This is an article I wrote about single head wide belt machines. My goal is to help the smaller shops get big results out of their little machines.
The amount of time I see wasted on hand sanding in the smaller shops is appalling. It's very common to see guys following their wide belt sander with a hand held belt sander and then go into sanding with orbital sanders. This is a huge waste.
These little machines can yield very good quality results with very quick hand sanding and great stain penetration.
Many wood workers just use their wide belt with 80 or 100 grit to flatten out their frames or doors, or to knock down glued up panels that won't fit in the planer. They don't know the finish they can achieve in even a small wide belt sander. No one ever taught them how.
My hope is that this article will broaden their perspective a little bit.
If I tell you the actual scratch depth of a particular grit you will automatically think you should remove that entire amount. Correct? Everyone has the same reaction.
Imagine the scratch is a little mountain range. You want to break down the mountains, but don't go lower than the bottom of the valleys.
If you remove the entire depth of that scratch you will remove the entire mountain range and create a new one underneath the valley floor. The grains of the sanding belt are smashing through solid wood instead of merely removing scratch.
This creates a huge amount of heat and pressure and will exceed the capacity of the belts. This destroys the openess created by the first belt.
Unfortunately there is a very poorly written book about sanding that causes more confusion and cost my customers more money than anything else in this industry.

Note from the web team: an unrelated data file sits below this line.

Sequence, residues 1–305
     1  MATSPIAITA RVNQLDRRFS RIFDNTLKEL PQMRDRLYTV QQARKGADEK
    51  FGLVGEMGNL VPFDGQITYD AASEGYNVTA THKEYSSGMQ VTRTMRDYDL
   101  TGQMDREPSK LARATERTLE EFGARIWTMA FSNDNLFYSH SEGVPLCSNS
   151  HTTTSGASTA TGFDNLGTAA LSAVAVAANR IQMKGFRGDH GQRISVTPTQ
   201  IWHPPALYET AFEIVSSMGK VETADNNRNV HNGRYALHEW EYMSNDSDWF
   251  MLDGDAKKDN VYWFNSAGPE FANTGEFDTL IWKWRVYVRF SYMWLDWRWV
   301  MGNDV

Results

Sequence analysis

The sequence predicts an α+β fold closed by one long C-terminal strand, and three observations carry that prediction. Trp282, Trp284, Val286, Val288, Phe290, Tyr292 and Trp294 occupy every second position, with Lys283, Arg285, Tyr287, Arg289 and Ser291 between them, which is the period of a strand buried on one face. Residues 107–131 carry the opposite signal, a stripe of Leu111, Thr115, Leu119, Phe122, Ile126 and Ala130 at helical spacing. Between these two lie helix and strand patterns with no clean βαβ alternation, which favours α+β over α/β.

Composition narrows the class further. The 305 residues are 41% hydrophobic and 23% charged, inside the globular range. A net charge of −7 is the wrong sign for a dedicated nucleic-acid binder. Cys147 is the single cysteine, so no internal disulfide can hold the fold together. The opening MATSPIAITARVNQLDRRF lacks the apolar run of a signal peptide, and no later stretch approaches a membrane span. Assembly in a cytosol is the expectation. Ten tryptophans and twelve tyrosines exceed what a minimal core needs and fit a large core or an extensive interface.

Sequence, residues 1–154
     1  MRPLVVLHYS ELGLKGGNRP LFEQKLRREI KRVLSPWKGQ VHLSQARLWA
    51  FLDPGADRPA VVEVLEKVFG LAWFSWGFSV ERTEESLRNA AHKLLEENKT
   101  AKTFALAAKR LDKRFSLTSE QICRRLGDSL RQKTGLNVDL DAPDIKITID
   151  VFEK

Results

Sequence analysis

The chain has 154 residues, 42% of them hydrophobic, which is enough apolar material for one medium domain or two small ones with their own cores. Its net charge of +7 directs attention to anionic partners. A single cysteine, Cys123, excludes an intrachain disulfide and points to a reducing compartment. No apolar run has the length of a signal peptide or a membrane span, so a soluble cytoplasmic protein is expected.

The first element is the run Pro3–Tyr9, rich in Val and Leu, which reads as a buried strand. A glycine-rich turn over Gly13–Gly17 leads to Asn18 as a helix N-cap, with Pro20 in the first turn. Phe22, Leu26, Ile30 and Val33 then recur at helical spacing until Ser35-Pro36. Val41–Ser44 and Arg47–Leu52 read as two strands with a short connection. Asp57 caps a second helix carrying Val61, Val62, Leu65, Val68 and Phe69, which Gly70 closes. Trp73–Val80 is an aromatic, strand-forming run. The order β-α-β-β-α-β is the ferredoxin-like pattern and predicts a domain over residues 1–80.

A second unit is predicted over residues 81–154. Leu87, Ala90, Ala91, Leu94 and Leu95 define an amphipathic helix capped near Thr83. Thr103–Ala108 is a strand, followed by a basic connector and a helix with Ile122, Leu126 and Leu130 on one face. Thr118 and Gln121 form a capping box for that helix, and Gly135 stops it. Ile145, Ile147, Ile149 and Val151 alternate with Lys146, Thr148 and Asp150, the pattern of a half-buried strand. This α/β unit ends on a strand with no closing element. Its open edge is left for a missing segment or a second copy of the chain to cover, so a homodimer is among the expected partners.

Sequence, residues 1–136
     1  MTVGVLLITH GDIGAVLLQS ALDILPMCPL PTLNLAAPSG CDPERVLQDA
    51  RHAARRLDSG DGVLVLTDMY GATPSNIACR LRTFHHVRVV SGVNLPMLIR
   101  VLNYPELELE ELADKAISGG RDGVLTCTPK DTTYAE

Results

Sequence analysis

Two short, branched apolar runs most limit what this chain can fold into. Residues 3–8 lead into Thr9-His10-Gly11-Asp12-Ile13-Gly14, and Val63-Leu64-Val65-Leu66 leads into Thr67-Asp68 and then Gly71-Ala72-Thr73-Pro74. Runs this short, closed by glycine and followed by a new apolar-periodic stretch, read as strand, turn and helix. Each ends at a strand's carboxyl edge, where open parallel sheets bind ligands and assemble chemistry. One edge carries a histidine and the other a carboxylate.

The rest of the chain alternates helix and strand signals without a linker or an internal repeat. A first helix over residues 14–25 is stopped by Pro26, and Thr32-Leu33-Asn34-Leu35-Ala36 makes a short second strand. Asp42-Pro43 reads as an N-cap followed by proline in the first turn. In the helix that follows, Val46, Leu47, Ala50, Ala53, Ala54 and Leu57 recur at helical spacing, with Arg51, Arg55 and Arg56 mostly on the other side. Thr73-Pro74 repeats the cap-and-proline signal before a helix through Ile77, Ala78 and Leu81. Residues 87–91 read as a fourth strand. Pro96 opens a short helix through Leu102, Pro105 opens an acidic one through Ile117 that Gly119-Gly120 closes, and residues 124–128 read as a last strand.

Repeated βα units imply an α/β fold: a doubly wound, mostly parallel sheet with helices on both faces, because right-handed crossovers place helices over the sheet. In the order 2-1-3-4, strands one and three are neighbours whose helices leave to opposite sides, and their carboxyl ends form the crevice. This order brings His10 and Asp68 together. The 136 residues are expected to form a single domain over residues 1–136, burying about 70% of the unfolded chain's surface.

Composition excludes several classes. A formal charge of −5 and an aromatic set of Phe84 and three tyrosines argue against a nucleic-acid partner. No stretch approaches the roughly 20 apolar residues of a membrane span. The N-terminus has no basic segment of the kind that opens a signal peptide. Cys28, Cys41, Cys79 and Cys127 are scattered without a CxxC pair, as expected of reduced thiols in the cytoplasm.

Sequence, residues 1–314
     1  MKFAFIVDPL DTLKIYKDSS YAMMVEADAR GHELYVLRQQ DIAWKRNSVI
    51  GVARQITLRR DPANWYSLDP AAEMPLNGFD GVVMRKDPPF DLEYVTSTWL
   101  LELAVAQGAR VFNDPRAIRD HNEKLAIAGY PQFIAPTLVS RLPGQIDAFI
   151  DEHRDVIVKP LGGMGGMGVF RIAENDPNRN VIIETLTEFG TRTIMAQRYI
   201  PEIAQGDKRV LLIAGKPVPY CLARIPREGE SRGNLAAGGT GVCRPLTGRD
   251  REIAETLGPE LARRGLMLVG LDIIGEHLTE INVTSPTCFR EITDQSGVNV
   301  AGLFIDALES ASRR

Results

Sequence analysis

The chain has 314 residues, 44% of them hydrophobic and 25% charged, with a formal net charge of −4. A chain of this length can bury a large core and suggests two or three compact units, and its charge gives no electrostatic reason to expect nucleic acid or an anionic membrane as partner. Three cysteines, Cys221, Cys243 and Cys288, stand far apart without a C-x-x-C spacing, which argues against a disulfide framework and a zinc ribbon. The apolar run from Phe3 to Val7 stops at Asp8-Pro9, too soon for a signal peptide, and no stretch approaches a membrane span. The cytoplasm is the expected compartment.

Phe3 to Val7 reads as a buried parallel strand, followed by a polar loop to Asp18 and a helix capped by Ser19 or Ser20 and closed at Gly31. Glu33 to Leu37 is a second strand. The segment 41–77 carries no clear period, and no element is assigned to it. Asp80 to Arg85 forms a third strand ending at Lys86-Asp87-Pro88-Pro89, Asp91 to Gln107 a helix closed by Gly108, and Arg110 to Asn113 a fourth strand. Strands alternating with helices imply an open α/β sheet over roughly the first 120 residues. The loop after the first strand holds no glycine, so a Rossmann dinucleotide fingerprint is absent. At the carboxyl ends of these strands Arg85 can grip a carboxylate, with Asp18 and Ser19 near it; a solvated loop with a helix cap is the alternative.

I worked on a single head wide belt sander last Friday and it was beautiful proof of concept. We spent a couple extra minutes on the wide belt sander to level the parts and then break down the scratch correctly. The owner was spending 2 minutes a door with a very aggressive electric sander and then the sanding guy was spending another 6 minutes a door on hand sanding including profiles. We cut the entire door labor to 3 minutes total, sanding with only 150 grit after the wide belt. The parts were dead flat and the scratch was perfect.
He paid me the best compliment I could ever receive as a technician. He said I did exactly what I said I was going to do.
I would love to see a chart that tells how much you have to remove to get down to the 'valley' of the previous grit scratch. I have charts that tell me the scratch depth for each grit. Do you use a percentage of that number?
Also, I tried your 80-120-180 sanding sequence as recommended on my last couple sets of doors, and it worked really well for me. Thanks for the helpful info.
I wish I had a more scientific answer, but trial and error is what lead me to those numbers. I found them to be pretty much universal, even though the hardness of the drums can change them a tiny bit. A softer drum might give a tiny bit less depth of scratch, but not enough to change the numbers more than .001" either way.
My stock removal chart was supposed to be on our website, but I can't find it. I'll try to get them to put it up tomorrow. Shoot me an email and I can send it over to you in a PDF.
For you to do 80/120/180 you want to cut the doors flat on both sides with the 80 grit on the drum. Remove another .008" per side with the 120 grit with just the drum. Then remove another .004" on both sides with the platen and drum.
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